What tips and tricks do you have for sticking to an exercise routine?  I'd love to hear them!

Tuesday, September 4, 2012

Share Your Story: Katie Axelson

This is a guest post for the "Share Your Story" series (learn more about it here!).

I'm excited to introduce you all to Katie, one of my fellow contributors on The Write Practice. We've gotten to know each other over the past couple months via Twitter messages, email chains, the occasional Google+ Hangout session... and our writing.


A Girl Named Loser
I spent less than an hour with her almost eleven months ago. I don’t have a photo of her. Her facial features have become blurred in my head. Yet her words are forever etched on my heart.
“My name is Loser because I make mistakes,” she said.
My heart melted. For one hour, I was Loser’s English teacher. I was a guest speaker told to encourage, entertain, and teach Loser and the 35 other students in the Chinese high school English class. As a native English speaker, I was to convince them they could truly understand and speak English. We started with something simple: their names.
Individually, each student stood and told me his or her English name. I met students with some very creative English names: Snowflake, Bread, Kangaroo, Caterpillar, and Loser.
As a Christian, I wanted nothing more than to wrap my arms around the girl named Loser and tell her how much she means to her Heavenly Father. How much she means to me.
The communist government regulations prevented me from speaking openly about the Lord. Instead I told Loser it made me sad that she named herself after her mistakes.
Shortly after I met Loser, I met Hope. Hope said she believes in herself. I praised her healthy self-esteem and encouraged the other students to have a taste of it.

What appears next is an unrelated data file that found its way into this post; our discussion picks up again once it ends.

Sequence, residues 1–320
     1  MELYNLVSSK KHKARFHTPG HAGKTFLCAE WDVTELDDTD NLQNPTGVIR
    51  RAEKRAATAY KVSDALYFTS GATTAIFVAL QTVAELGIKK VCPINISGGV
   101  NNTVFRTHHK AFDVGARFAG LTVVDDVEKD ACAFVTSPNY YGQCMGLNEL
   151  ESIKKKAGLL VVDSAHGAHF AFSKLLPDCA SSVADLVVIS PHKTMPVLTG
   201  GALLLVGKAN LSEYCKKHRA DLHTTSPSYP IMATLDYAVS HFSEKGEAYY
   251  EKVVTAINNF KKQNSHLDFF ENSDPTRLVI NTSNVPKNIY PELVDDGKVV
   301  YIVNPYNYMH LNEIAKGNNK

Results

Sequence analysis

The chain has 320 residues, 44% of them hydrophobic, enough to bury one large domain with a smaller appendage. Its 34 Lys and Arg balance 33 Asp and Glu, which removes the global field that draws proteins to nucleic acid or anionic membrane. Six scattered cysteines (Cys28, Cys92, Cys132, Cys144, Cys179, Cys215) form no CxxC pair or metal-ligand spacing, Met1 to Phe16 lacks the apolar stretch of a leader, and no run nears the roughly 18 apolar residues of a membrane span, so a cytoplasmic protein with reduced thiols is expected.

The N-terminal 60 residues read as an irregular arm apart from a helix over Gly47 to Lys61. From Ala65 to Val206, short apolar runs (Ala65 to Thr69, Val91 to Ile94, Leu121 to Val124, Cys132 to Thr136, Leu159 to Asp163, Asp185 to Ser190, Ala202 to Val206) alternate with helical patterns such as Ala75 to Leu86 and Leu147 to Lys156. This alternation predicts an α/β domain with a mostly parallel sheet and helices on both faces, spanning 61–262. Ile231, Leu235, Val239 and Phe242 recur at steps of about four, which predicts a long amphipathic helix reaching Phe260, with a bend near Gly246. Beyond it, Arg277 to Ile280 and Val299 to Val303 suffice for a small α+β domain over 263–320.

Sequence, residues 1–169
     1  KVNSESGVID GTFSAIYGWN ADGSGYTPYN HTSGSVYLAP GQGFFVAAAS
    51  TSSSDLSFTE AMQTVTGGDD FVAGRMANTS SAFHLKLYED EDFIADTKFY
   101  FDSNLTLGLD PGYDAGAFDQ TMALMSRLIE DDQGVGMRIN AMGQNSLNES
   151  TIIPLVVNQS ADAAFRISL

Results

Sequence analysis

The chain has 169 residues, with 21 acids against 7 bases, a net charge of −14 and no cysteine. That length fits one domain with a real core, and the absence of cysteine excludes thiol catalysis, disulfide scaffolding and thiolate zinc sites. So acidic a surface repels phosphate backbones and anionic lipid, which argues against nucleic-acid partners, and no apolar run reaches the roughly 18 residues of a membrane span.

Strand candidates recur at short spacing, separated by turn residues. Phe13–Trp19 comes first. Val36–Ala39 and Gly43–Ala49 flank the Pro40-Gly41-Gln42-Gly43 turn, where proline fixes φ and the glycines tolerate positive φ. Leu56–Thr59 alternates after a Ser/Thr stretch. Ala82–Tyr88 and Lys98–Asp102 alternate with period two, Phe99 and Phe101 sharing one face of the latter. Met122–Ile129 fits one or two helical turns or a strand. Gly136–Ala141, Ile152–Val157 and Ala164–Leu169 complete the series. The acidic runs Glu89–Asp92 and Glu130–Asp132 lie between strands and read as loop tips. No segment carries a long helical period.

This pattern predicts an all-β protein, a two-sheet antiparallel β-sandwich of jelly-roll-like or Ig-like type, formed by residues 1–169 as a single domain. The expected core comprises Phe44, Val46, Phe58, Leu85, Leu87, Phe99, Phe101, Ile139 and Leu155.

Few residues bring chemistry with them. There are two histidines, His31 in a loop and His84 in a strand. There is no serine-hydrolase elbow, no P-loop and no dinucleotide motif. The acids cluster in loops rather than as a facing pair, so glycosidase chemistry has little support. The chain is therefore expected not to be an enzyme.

I continued my lesson, trying to engage with the quiet, rigid, militantly-dressed students of my very own Chinese class. We took a brief look at North American geography. I taught them HOMES—the acronym for the Great Lakes. We said the alphabet. They all paused simultaneously but not where native-speakers would pause. We sang “Head, Shoulders, Knees, and Toes.” I taught them the difference between “mouse” and “mouth.”
To conclude the class, I invited them to ask me any questions they wanted. One student asked me to sing “My Heart Will Go On.” I sang the one line I know and acted out the rest. Another asked for my email address. I wrote it on the chalkboard and told the class they had to email me in English. I’ve never heard from them. One student asked if I wanted a Chinese name. Of course, I eagerly accepted; he wrote it down to help me remember it.
Loser’s hand went up. In that moment I had to decide between calling on her by name and calling a precious little girl a Loser.
I have come to realize that Loser has done something publicly that I’m only brave enough to do privately: she’s labeled herself by her shortcomings, her mistakes, and her failures. I’d much rather hide behind the fa├žade of having it all together.
I wish I would have concluded class by renaming Loser with a more appropriate English name. After all, that’s what Christ has done for me. When I see myself as “Unwanted,” He calls me “Beloved.” When I call myself, “Failure,” He calls me “Blameless.” When I say, “Outcast,” He says, “Daughter.”
Like my new Chinese name, it’s hard to remember but that doesn’t make it any less my name.
Katie Axelson is a daughter of the Lord who gets to serve as a professional writer and editor. She seeks to live a story worth telling, and you can often find her telling stories at, on Twitter (@KatieAxelson), and on Facebook (Katie Axelson Writer).